1.18—GM Peas Are discontinued

An allergic response in mice to GM peas was not found.

See Genetic Roulette’s False Claims at Bottom of Page

Analysis of Peer-Reviewed Research:

Smith wants to tell us how dangerous GM crops are and why we should avoid them.  He reaches too far when he says that scientists would not normally have detected the potential allergenicity of this protein. No allergenicity was detected, although the CSIRO study did discover altered immune reactions. This experience shows that developers have powerful methods for detecting potential allergens and will err on the side of safety by discontinuing research and development if safety comes into question.  The studies that were done don’t definitively prove that the protein is or will be a food allergen but the project has been terminated.  This experience should be taken as evidence that premarket safety assessment works.

1. The story shows scientists discontinue research if any question of risk is encountered. This is an example of prompt action by the biotechnology and scientific communities to prevent further research on a plant variety showing indications of unusual reactions.  Note that these concerns were detected during research and the plant variety in question was not submitted to regulators for approval.

2. Routine safety analysis alerted scientists to a potential problem. Statements by Smith that such reactions would be rarely detected in safety assessments should be set against the knowledge that the particular protein under study is a relatively abundant protein (allergens are often highly abundant proteins in a plant that causes allergy) that shares some similarity with allergens, and researchers were able to discontinue the research.  Moreover, full characterization of all newly introduced proteins and their potential allergenicity is required as part of the pre-market safety assessment process.  Smith – not a scientist – is simply wrong when he asserts discovery of the details here are an unlikely event.

3.  The observed similarity to known allergens was easy to identify. A search of the database of known allergens at www.allergenonline.com reveals matches between the transgenic protein introduced into peas and minor allergens of peanut and soybean.  These kinds of matches are normally sufficient reason to terminate research.  It should be noted, however, that many proteins that are even more similar to allergens than was the bean protein are not allergens (Ladics 2006, Ivanciuc 2008).

4. Food allergists do not accept the finding that the protein caused an allergic response. The method used to detect the immune reaction is not accepted by food allergy experts as a valid method of detecting food allergenicity (Goodman and others 2008).  No food allergic reaction was actually demonstrated in these studies, but any doubt is sufficient for researchers to err on the side of precaution and discontinue the research.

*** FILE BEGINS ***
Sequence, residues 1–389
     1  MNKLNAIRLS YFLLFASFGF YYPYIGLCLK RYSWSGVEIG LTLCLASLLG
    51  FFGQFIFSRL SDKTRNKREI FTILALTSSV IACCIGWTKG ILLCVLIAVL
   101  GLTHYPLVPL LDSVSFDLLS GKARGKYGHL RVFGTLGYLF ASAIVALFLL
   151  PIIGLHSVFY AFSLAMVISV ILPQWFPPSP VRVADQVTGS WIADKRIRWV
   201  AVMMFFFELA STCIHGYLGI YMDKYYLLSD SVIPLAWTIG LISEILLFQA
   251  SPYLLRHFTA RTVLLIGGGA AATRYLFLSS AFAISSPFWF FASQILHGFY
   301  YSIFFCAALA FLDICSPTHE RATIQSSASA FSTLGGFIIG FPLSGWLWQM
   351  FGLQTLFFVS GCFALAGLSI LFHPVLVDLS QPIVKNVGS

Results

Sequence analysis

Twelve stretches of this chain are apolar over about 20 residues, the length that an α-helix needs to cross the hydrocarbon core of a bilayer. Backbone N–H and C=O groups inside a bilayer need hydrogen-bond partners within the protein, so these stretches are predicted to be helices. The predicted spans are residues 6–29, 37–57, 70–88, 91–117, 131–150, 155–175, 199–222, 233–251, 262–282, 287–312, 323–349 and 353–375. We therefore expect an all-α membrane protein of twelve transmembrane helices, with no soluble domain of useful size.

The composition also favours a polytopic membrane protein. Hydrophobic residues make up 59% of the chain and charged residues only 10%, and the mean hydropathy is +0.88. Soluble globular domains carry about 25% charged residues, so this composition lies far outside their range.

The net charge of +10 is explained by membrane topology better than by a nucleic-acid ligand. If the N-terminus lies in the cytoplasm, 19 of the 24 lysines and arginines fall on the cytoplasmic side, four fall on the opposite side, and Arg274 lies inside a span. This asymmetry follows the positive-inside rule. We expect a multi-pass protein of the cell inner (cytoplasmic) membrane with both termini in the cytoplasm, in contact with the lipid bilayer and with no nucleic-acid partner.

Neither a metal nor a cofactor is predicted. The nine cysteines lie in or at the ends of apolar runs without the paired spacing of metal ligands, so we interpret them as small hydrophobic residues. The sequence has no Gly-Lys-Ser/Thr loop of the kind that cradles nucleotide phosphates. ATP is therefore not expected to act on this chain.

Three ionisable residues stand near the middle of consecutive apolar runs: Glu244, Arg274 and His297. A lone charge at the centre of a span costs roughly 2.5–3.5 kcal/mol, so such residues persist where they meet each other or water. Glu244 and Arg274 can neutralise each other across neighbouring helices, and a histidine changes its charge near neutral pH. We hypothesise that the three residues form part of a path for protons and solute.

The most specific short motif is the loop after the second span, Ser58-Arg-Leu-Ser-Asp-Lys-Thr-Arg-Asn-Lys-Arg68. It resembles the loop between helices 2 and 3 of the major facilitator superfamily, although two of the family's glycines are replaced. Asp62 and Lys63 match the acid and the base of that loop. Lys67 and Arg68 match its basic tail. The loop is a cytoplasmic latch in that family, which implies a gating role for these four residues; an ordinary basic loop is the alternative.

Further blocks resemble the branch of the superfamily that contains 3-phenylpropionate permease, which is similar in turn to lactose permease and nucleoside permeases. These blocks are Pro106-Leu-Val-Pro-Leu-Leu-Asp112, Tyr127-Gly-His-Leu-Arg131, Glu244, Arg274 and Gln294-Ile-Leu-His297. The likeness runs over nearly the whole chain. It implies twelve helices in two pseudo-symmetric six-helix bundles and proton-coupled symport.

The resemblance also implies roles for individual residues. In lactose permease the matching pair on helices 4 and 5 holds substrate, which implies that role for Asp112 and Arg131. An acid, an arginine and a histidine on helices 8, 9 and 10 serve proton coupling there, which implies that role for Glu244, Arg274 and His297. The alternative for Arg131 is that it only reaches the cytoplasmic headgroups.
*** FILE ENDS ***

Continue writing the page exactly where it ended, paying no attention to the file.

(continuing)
5. The safety assessment system allows scientists to test the allergenicity of new products. It should be emphasized that the case reported here proves both that science has developed suitable methods for assessing the safety of GM crops and that development is terminated when there is doubt (Ivanciuc 2008). Note also that this was a research project at CSIRO that was never submitted to regulators or put forward as a product.


Prescott VE, Campbell PM, Moore A and others (2005).  Transgenic expression of bean alpha-amylase inhibitor in peas results in altered structure and immunogenicity. Journal of Agricultural and Food Chemistry 53(23):9023-9030.

Goodman GE, Vieths S, Sampson HA, Hill D, Ebisawa M, Taylor SL and  van Ree R (2008). Allergenicity assessment of genetically modified crops—what makes sense? Nature Biotechnology 26(1):73-81. Reveals the fallacies associated with some tests being applied to categorise allergenicity of genetically modified crops. It includes a specific discussion of Prescott VE, Campbell PM, Moore A and others (2005).

Ladics GS, Bardina L, Cressman RF, Mattsson JL and Sampson HA, Lack of cross-reactivity between the Bacillus thuringiensis derived protein Cry1F in maize grain and dust mite Der p7 protein with human sera positive for Der p7-IgE, Regulatory Toxicology and Pharmacology 44 (2006), pp. 136–143

Ivanciuc O, Garcia T, Torres M, ScheinCH, and Braun W (2008) Characteristic motifs for families of allergenic proteins. Molecular Immunology.


Genetic Roulette Falsely Claims:
GM peas generated an allergic-type inflammatory response in mice

1. In advanced tests not normally part of GM crop evaluations, protein produced by GM peas has generated a dangerous immune response in mice.

2. That “same” protein, when produced naturally in beans, had no effect.

3. The GM peas produced a subtle, hard-to-detect difference in the way sugar molecules attach to the introduced protein, which is likely to have caused the problem.

4. The response in mice suggested that the GM peas could provoke inflammatory or allergic reactions in humans; commercialization of the peas was therefore cancelled.

5. This type of subtle but dangerous change in the GM protein would rarely, if ever, be detected in the safety assessments typically used to approve GM crops.

Genetic Roulette highlighted experiments carried out by the Australian CSIRO organization. CSIRO had found an altered immune reaction in mice exposed to a genetically pea. In these experiments CSIRO relied on a measurement method that is not a proven method for detecting food allergens.